Tim you mentioned that first designs, there needs to be a desired registration in place, but looking at the fact that any given fashion house may have 100 garments in a range, and they’re not necessarily going to know which one of those garments is going to be successful and therefore worthy of protection, given that design applications have to be filed before the garments are offered for sale, doesn’t it make the cost of design registration prohibitive?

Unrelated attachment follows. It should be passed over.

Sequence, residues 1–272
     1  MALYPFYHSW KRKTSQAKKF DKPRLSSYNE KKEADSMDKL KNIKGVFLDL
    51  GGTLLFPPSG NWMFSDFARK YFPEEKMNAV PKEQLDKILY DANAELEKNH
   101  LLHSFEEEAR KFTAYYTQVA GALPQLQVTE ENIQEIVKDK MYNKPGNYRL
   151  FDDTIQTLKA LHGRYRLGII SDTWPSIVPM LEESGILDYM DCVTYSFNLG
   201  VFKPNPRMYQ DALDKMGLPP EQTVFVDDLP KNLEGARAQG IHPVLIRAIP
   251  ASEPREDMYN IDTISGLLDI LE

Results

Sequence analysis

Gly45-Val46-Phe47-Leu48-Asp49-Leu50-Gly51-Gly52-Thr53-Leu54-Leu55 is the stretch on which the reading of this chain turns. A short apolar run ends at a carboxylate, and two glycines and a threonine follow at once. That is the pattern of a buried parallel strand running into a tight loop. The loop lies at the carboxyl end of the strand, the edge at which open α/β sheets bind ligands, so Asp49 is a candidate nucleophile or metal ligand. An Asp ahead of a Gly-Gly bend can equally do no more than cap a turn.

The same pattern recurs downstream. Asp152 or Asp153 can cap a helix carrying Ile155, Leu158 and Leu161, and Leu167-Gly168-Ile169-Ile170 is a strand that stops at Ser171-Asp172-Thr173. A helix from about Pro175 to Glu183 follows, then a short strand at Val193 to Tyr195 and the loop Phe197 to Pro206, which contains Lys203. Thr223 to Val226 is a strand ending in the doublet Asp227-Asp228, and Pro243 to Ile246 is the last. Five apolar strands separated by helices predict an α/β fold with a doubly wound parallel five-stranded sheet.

It can, but there is a way around it, that I’ll mention in a second. The Designs Act changed in 2004 in an effort to, amongst other things, get designers more interested in registering their designs; previously it really didn’t feature at all in the fashion industry. There’s now a bit of a more streamlined process where you take various steps and you don’t have to take the final fairly costly step unless and until you’ve identified an infringer. But there still is the issue that you have to make your application of your design before you publish your design. So if you’ve got say 80 or 100 garments in a range, if you were to file separate applications for each of those you’re looking at $200 per application, and that is prohibitive, for most designers. But the way that we can get around it is this, it is possible and we do this on behalf of clients to file in one application all of the designs; so all the designs for garments can all be filed in one application with one fee of $200. You’ve then got six months to request for that design to be registered, so you’ve got a period of time where you can see what’s happening in the market, you’ve actually got your priority date, so let’s say we want to file, we’ve got a new season coming out on 1 September, so let’s say we file one application in the last week of August, we’ve staked our claim in terms of our priorities so we don’t have any problems about prior publication. And then we’ve got six months to see well which of these 80 designs actually takes off, which are the ones that we really want to put some money into. And at the end of that period you request your registration, the Designs Office says well this application’s not appropriate it’s got 80 designs not one, I need you to split it out, and at that point you can say well these are the 15 garments that I’m still interested in, these are the ones I’m prepared to pay my $200 per design plus your legal fees to procure registration, so it gives you that capacity to pick and choose once you’ve got into the marketplace. The downside caters unless you go to that registration stage, and go to another stage where you get an actual certificate to say that the design is validly registered and has been properly examined, you’re not in a position then to actually sue for infringement, but at least you haven’t spent money on designs that actually haven’t been successful in the market.